Delusional Disorder


What Is It?

Delusional disorder (sometimes called paranoid disorder) is one of the psychotic disorders. Psychosis has a variety of definitions, but it can be understood in simple terms as a gross impairment in the ability to recognize reality. Examples of psychotic symptoms are delusions (false beliefs) and hallucinations (false perceptions). Psychosis can be a part of many mental disorders including schizophrenia, mood disorders such as depression and some medical conditions.

The key feature of delusional disorder is the presence of one or more delusions, sometimes with a theme of persecution. People with this diagnosis do not have prominent mood disturbances nor do they typically have hallucinations. They do not exhibit strange forms of emotional expression, such as sometimes is seen in schizophrenia.

Delusions are false beliefs based on an incorrect interpretation of reality. The person holds the belief firmly, despite clear evidence or proof to the contrary. A religious or cultural belief that is also accepted by other members of the person’s community (an idea that is an article of faith) is not a delusion. Delusional ideas have a wide variety of themes in addition to persecution. Delusions can have jealous themes or relate to body function (somatic delusions). Ideas can be erotic or grandiose. Delusions usually involve circumstances that could occur in reality. Bizarre ideas such as being controlled by an outside force or having thoughts inserted into one’s head usually are not a feature of this illness.

Often, since people with delusional disorder are aware that their beliefs are unique, they do not talk about them. In these cases, the disorder can be detected only by observing unusual behavior that is a consequence of the belief.

Delusions, like all psychotic symptoms, can be a part of many different psychiatric disorders. The term delusional disorder is used when the problem is limited to delusional ideas or when delusions are by far the most prominent feature of the illness.

When hallucinations occur, they are part of the delusional belief. For example, someone who has the delusion that internal organs are rotting may hallucinate smells or sensations related to that delusion.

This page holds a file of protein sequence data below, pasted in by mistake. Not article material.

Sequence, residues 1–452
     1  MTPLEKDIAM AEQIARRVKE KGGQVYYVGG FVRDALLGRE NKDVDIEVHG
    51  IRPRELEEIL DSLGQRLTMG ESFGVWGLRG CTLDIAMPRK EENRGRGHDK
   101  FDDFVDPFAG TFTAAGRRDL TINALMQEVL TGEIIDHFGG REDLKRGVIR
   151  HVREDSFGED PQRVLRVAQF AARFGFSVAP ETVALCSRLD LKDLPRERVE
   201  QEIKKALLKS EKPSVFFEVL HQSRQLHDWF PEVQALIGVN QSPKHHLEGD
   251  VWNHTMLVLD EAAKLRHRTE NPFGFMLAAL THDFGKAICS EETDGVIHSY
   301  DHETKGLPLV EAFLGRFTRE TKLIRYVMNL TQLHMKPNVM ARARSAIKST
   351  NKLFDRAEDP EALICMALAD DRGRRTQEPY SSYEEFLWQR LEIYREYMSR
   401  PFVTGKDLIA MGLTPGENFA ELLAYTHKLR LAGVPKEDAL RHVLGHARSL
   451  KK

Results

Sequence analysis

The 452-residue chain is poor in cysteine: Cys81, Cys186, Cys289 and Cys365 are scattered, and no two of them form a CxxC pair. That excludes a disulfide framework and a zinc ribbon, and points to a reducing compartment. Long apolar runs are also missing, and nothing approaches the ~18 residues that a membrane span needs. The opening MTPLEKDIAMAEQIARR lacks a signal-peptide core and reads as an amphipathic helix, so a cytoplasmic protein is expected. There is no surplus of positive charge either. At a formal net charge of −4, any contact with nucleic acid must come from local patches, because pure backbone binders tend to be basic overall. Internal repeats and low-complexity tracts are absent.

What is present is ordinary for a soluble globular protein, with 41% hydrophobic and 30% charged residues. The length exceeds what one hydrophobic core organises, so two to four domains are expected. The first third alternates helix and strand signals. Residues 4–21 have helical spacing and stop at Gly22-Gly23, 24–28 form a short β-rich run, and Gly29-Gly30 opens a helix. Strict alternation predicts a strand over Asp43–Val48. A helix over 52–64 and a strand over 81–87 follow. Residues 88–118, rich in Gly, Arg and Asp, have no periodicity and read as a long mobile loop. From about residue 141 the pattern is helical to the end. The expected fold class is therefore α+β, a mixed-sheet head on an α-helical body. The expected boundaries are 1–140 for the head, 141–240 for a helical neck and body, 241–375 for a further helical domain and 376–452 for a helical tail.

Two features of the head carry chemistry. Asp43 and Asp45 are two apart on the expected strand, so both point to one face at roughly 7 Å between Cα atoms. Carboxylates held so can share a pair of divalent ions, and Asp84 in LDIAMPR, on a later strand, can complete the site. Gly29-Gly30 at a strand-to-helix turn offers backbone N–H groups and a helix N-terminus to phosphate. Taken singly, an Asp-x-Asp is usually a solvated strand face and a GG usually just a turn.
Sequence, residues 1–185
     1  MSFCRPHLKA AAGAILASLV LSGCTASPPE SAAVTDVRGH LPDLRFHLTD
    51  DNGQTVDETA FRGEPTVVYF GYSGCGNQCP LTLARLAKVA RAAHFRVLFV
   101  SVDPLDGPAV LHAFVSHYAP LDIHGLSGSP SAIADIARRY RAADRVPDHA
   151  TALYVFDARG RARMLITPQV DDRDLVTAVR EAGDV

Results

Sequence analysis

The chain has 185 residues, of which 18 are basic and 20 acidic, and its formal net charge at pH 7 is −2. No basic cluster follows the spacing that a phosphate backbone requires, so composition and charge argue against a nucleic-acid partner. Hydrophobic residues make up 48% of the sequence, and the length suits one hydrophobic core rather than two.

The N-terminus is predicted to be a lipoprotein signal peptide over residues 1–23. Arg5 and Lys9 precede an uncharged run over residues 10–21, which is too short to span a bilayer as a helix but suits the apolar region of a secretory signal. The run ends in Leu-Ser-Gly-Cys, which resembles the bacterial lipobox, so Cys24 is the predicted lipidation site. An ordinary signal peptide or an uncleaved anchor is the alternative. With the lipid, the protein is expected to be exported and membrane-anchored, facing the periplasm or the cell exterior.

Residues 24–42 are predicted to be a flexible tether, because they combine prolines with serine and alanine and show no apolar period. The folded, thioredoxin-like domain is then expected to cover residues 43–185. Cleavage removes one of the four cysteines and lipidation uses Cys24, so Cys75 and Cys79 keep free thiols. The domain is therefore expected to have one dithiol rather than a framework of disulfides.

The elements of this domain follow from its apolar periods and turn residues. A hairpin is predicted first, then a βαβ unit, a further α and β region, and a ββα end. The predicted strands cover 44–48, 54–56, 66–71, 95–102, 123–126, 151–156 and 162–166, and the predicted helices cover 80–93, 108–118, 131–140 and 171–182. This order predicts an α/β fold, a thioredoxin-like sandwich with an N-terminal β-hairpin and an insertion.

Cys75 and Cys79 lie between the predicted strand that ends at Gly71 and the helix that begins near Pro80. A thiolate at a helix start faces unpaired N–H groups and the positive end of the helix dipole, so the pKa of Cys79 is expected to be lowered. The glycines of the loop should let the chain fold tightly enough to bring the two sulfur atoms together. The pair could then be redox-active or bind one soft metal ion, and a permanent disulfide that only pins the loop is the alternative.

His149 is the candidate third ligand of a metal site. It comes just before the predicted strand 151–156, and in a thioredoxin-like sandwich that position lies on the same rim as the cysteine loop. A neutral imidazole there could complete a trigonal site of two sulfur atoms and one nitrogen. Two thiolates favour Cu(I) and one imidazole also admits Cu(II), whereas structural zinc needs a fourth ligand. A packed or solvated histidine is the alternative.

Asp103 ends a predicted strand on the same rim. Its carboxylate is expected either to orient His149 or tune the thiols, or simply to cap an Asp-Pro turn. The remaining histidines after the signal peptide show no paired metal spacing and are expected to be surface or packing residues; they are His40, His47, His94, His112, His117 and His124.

When functioning is impaired, it is a direct result of the delusion. The person may be capable of performing work, but may never leave the house because of a fear of being harmed. The lifetime risk of delusional disorder is less than one in 1,000. The cause of delusional disorder is not known.


The main symptom is a persistent delusion or delusions (a fixed belief) of something that is not happening but is plausible in real life. Types include:

  • Erotomanic — delusion of a special, loving relationship with another person, usually someone famous or of higher standing
  • Grandiose — delusion that the person has special power or ability, or a special relationship with a powerful person or figure (such as the president, a celebrity or the Pope)
  • Jealous — delusion that a sexual partner is being unfaithful
  • Persecutory — delusion that the person is being threatened or maltreated
  • Somatic — delusion of having a physical illness or defect


Since delusional disorder is rare, other major illnesses, such as schizophrenia, mood disorder or a medical problem should be considered whenever delusional ideas arise. Medical causes should be considered, especially later in life. People who develop Alzheimer’s disease, for example, can become delusional.

The diagnosis is more difficult when the affected person conceals his or her thoughts. Because the person is convinced of the reality of his or her ideas, he or she may not want help. If the person allows it, conversations with supportive family or friends can help. A general medical evaluation is useful. In a few cases, when a medical or neurological problem is suspected, diagnostic tests such as an electroencephalogram (EEG), a magnetic resonance imaging (MRI) or computed tomography (CT) scan may be suggested.

Expected Duration

The duration of this illness is highly variable. Some have a persistent delusion that waxes and wanes in its intensity and significance. In some, the disorder will last only a few months.


There is no known way to prevent this disorder.


Treatment for this disorder is difficult, especially if the delusion is of long duration. Antipsychotic medications, such as risperidone (Risperdal) and olanzapine (Zyprexa), can be helpful. Since the patient may not believe he or she has a mental disorder, it can be more difficult to engage him or her in psychotherapy. However, support, reassurance, reality testing and education all can be helpful if the person is willing to meet with a therapist. Educating the family about how to respond to the person’s needs can be useful.

When To Call A Professional

Call the person’s primary care doctor, a psychiatrist or other mental-health professional as soon as the problem is detected.


The prognosis is variable. Although the disorder can go away after a short time, delusions also can persist for months or years. The inherent reluctance of a person with this disorder to accept treatment makes the prognosis worse. However, people with this disorder retain many areas of functioning, so some do reasonably well with limited assistance.

Johns Hopkins patient information

Last revised:

Diseases and Conditions Center

  A | B | C | D | E | F | G | H | I | J | K | L | M | N | O | P | Q | R | S | T | U | V | W | X | Y | Z

All ArmMed Media material is provided for information only and is neither advice nor a substitute for proper medical care. Consult a qualified healthcare professional who understands your particular history for individual concerns.